Black Diamond ATC Guide Review

Black Diamond ATC Guide Belay Device Review

Review Overview

Weighing in at 88g (3.1 oz) the Black Diamond ATC Guide is the latest generation of this classic belay & abseil device. With a solid construction and good feel, this pedigree device provides versatility and quality from your local gym to your next multi-pitch project. The ATC…
Locking
Giving Slack
Lowering
Build Quality
Value For Money

Excellent

A proven design refined; the ATC Guide is built like a tank and performs exceptionally well with ropes under 10.5mm

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Weighing in at 88g (3.1 oz) the Black Diamond ATC Guide is the latest generation of this classic belay & abseil device. With a solid construction and good feel, this pedigree device provides versatility and quality from your local gym to your next multi-pitch project.

The ATC Guide is designed for ropes between 7.7mm and 11mm in diameter and performs exceptionally well within this bracket. We did find a deterioration in performance with ropes exceeding 10.5mm, and above it’s limit (11mm) the rope becomes very difficult to manage so make sure your equipment fits within this range (most ropes will).

The reason we mention this, is that some gyms tend to have fat ropes (11mm+?) on top-rope, so we’d recommend looking at other devices if your doing a lot of top-roping.

Black Diamond ATC Guide Review

This device features two friction modes; high and low. We found the standard low friction mode excellent in most situations, the high friction mode would undoubtably come in handy with a larger weight difference between climbers when extra resistance is required. This two mode system doesn’t add much bulk or weight and is certainly a nice feature to have.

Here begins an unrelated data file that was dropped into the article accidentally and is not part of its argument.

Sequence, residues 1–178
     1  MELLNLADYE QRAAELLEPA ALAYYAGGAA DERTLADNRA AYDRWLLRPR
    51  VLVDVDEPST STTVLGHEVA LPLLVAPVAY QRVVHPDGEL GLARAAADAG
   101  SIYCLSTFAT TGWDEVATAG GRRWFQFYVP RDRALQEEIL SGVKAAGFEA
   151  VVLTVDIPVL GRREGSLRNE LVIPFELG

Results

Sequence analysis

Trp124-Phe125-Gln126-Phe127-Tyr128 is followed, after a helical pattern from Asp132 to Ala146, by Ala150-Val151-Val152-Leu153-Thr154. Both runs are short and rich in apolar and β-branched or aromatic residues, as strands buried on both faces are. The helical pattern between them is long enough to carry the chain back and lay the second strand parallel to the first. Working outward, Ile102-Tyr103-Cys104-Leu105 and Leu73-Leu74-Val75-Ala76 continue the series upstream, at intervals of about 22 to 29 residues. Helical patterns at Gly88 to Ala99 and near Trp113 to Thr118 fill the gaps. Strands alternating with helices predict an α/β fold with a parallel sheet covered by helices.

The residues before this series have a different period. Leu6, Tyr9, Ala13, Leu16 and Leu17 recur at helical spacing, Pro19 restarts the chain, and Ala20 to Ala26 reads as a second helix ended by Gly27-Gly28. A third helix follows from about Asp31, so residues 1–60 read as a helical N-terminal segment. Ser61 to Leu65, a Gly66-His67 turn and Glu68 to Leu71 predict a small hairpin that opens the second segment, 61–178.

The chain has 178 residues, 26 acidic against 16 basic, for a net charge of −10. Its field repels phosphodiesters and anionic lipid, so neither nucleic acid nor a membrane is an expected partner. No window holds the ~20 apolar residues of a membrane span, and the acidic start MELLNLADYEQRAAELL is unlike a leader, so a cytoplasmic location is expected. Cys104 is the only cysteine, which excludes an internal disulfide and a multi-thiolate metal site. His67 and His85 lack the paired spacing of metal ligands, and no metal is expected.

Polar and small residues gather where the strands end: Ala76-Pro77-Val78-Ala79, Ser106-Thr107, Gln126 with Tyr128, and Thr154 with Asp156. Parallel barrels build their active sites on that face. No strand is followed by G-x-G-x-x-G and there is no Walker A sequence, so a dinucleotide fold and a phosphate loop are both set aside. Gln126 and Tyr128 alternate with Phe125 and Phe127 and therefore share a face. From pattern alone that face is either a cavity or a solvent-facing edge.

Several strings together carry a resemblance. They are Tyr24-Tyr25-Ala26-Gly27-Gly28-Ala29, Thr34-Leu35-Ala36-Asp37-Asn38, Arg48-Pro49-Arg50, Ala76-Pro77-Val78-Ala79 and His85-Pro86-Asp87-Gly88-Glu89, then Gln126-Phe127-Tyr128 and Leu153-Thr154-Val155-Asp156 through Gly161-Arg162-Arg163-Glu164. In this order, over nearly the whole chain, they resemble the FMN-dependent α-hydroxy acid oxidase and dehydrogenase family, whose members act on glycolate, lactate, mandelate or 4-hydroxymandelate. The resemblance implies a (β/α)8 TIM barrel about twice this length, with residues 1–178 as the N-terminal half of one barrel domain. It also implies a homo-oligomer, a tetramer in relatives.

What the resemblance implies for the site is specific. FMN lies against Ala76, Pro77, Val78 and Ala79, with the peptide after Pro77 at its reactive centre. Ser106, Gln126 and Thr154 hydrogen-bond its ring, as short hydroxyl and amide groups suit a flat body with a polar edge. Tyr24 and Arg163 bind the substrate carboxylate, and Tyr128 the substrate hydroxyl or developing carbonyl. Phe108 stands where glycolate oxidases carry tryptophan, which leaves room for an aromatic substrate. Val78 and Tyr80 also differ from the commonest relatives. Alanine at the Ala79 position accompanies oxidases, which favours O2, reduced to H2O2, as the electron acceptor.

Another feature which adds to this devices versatility is the auto-blocking guide mode (if you’re not familiar with this system, it’s normally used on multi-pitch climbs for seconding climbers, see the video below), the rear loop is reassuringly burly and the auto-block release fits a range of carabiners.

Within it’s rope tolerance, the ATG Guide handles the rope very well. It’s corse finish needs a bit of breaking in but after a few weeks it began to perform really well. Giving slack and taking in is generally smooth (even more so with thinner ropes) we did find the Guide would occasionally lock on big payouts but we didn’t find this a major problem overall.

On a fall the lock off is secure and effortless, and the lower off is smooth with good control over the rate of decent. We haven’t abseiled on this device yet (we will update this post when we do), but you get the feeling the ATC Guide will perform well in this area too, let’s wait and see.

Vaporlock Screwgate

It’s worth a mention that, for this test, we used the Black Diamond Vaporlock screwgate carabiner. We found this lightweight pear-shaped biner a great pairing to the ATC, it’s a good size and has a well built gate with an easy action. According to Black Diamond, the Vaporlock increases friction on the ATC by up to 30%, either way, we think it’s a fantastic carabiner. Full specification below:

  • Gate Opening: 20 mm (0.79 in)
  • Closed Gate Strength: 21 kN (4721 lbf)
  • Weight: 52 g (1.8 oz)
  • Open Gate Strength: 8 kN (1798 lbf)
  • Minor Axis Strength: 7 kN (1574 lbf)

Black Diamond ATC

Summary

We like the ATC Guide – yes there are lighter devices on the market, but for build quality and versatility this device is hard to beat. For indoor top-roping, you won’t need all the features so save some money and have a look at a more basic device such as the standard ATC or the Mammut Element Light. For everything else, from leading to multi-pitch climbing the ATC Guide really shines.

We’ll be updating this review (and others) in April after our first outdoor test in El Chorro, Spain. Like us on Facebook to get the latest news and reviews.